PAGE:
Aliens invaded in the distant past, nearly wiping humanity out with armies of robots and forcing the survivors to retreat to the moon. From there the remaining humans wage a proxy war to retake Earth by sending down weaponized androids through the “YoRHa” program. The story focuses on YoRHa combat unit 2B and her partner, reconnaissance specialist model 9S, as they fight to beat back the robot invaders.
Automata’s world is also frequently quite lovely. Ranging from desert and forest environments to a ruined city and amusement park, there’s a compelling melancholy to NieR’s post-apocalypse, which is also reflected in its fantastic orchestral soundtrack. The retrofuturist, toy-like simplicity of the robots belies a great deal of charm. Sometimes, however, their rusty monochrome, combined with the muted environments, occasional camera wonkiness on corners and walls, and the similar design of the main characters, can lead to minor legibility issues in heated battles.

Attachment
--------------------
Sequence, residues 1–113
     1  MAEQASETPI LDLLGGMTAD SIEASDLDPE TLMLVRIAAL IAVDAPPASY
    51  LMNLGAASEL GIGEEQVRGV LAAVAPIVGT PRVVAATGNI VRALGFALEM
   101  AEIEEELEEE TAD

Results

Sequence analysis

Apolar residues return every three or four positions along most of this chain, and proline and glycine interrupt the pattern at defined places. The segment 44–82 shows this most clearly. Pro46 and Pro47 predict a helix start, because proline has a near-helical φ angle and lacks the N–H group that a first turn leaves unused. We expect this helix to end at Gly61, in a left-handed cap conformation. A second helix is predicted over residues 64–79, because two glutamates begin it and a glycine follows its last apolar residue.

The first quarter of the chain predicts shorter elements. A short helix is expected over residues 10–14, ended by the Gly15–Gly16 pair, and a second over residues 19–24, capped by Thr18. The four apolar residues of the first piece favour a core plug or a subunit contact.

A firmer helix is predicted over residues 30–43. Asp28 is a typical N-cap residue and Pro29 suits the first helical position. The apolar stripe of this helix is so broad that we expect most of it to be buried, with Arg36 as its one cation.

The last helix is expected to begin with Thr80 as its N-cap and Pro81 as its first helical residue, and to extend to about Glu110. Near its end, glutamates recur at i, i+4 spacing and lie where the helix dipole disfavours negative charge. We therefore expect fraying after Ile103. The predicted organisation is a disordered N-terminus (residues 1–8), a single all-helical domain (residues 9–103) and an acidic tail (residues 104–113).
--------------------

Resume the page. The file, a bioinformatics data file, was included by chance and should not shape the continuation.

While charming, the visual style often resorts to clichés. 2B is a protagonist very much in the model of Platinum Games’ own Bayonetta: a no-nonsense, high femme, ass-kicking machine–literally, in 2B’s case. While the camera is not nearly as proactively lascivious as in Bayonetta, 2B’s short-skirted, gothic schoolgirl outfit feels out of place in the world, and may turn off some players who are sensitive to women’s objectification.
Nuts and bolts